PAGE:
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Drinking and Driving During the Holidays

Believe it or not, the holiday season is already here and festive lights and decorations are popping up all across Franklin and the rest of Tennessee. So much of the magic of this season originates from all the time we get to spend with our friends and families in celebration. Most jubilations are accompanied by alcohol, though, and highway patrol officers know this all too well. Many law enforcement agencies actually call the weeks between late November and early January "DUI season" because DUI arrests tend to spike greatly all across the country during this time.

If you are planning on visiting loved ones this winter and think you might enjoy a beverage with them, there are a few things you should keep in mind:

  • Not so fast: If it has rained or snowed recently, you must be prepared for ice on the roads. Completely sober drivers can lose control of their vehicles easily. Please be safe at all times and slow down to an appropriate pace. Furthermore, police will be looking for cars that are having a difficult time handling the slick roads, possibly hinting at or being mistaken for intoxication.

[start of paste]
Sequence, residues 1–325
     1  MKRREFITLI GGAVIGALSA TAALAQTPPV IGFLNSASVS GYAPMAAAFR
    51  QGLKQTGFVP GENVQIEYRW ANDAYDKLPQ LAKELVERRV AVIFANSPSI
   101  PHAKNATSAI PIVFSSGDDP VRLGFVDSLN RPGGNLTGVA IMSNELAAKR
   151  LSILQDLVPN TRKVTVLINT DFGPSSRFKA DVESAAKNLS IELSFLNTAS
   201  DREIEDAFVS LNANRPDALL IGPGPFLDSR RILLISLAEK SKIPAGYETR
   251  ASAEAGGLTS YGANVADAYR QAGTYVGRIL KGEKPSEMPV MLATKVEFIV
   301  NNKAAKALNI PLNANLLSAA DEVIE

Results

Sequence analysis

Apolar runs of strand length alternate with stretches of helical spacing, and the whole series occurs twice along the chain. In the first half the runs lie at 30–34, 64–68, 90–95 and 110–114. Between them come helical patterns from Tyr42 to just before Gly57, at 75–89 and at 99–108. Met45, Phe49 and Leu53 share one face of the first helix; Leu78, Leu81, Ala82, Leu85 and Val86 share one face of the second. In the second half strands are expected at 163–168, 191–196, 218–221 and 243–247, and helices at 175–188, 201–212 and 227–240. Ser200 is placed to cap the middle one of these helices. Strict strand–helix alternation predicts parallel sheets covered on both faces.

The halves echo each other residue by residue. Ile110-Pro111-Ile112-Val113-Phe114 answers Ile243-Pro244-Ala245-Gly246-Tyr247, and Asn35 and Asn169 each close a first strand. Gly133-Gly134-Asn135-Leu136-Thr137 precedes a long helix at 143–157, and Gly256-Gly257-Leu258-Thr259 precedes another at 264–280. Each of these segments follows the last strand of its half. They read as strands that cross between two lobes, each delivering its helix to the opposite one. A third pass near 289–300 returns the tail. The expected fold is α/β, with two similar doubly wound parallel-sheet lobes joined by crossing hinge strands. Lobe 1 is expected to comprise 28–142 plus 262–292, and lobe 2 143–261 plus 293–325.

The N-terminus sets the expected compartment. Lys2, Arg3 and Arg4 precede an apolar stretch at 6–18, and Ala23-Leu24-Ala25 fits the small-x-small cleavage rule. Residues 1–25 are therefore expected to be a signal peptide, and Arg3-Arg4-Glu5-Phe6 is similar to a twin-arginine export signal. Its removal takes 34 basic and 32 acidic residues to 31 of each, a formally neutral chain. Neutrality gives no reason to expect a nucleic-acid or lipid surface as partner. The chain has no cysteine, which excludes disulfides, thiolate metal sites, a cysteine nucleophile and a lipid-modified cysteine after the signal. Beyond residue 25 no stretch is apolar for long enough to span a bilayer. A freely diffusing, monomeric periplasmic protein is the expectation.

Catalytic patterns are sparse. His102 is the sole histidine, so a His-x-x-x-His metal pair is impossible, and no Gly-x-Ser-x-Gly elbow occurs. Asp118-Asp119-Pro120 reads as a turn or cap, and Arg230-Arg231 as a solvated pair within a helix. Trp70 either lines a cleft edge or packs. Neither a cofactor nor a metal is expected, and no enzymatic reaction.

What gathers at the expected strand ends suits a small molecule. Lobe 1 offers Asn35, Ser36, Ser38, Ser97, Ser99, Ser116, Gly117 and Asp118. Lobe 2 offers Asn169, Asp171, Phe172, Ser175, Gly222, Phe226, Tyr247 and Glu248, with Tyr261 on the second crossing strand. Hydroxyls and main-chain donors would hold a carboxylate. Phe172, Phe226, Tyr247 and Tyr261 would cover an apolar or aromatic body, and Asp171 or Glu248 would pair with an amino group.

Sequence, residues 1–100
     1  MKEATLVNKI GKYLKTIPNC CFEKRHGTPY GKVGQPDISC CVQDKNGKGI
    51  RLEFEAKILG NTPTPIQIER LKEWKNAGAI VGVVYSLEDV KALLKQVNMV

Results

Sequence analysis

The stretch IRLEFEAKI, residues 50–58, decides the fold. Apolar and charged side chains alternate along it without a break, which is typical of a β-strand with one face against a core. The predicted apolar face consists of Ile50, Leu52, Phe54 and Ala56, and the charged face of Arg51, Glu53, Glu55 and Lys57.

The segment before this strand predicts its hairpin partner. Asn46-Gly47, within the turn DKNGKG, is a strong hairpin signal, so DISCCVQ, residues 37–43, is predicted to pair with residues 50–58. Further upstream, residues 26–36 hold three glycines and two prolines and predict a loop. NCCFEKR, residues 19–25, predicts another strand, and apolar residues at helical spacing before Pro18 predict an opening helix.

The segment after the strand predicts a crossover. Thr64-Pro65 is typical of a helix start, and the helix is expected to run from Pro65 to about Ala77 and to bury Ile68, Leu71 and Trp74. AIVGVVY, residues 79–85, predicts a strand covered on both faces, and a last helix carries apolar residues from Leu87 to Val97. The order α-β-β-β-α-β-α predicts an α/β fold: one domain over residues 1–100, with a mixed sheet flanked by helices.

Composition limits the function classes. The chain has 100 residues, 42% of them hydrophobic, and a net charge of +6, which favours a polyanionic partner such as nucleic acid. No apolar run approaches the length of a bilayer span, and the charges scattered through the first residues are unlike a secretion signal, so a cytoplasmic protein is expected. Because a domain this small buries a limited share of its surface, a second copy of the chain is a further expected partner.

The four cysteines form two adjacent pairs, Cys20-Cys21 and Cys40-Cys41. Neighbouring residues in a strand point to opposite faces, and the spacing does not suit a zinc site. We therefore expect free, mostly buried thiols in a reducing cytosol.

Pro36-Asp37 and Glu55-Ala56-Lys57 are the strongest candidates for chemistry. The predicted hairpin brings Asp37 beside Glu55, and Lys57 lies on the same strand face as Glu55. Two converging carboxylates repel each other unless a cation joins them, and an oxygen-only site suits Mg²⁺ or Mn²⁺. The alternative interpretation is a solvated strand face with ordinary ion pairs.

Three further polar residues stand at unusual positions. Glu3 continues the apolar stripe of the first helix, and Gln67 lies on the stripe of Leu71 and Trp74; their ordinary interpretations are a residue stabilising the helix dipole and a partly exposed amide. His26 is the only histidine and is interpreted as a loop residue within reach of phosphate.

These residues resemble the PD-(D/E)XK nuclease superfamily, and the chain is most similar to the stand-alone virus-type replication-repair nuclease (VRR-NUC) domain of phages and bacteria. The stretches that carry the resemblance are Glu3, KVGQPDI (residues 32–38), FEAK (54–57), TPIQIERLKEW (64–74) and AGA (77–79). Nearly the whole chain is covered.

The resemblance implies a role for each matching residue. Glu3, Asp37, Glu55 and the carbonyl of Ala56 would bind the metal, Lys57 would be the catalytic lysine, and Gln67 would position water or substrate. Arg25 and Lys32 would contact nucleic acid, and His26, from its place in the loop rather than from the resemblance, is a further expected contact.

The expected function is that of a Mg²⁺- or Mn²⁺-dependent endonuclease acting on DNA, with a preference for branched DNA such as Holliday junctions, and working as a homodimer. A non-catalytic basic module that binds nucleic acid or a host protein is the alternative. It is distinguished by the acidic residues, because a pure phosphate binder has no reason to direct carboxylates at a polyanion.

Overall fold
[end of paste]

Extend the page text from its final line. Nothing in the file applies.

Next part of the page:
• Check the checkpoint: Traffic stops are one of the most common ways the police attempt to catch people who are driving under the influence (DUI) during the holidays. They'll post up on busy highways near the entrances of the city. The interesting thing about them is that they are not always completely legal. For example, if there is no public notice ahead of time of the sobriety checkpoint, evidence collected at it could be inadmissible.
  • BAC up for debate: Nearly everyone knows that having a blood alcohol concentration (BAC) level greater than 0.08% constitutes driving while intoxicated. But not many people know that you can be charged with a DUI with a BAC lower than that, depending on the circumstances of your arrest. Tying back to the example of ice on the road, if you were found to have a BAC of 0.04% – half the legal limit – but were pulled over on a particularly hazardous and wintry road, the police might use that as grounds to arrest you.

In summation, you can generally expect law enforcement officials to be looking more keenly at drivers during the holidays than any other time of the year. To some degree, this is good because it can take dangerous motorists off the road. Consequently, it is also bad, as people who should not realistically be charged for a DUI could be getting slammed with citations due to overzealous patrol officers.

Do you have more questions about challenging DUI arrests in Tennessee? Let our Franklin DUI Attorney Brian Lee Nash know what happened by calling 615.809.1859 today.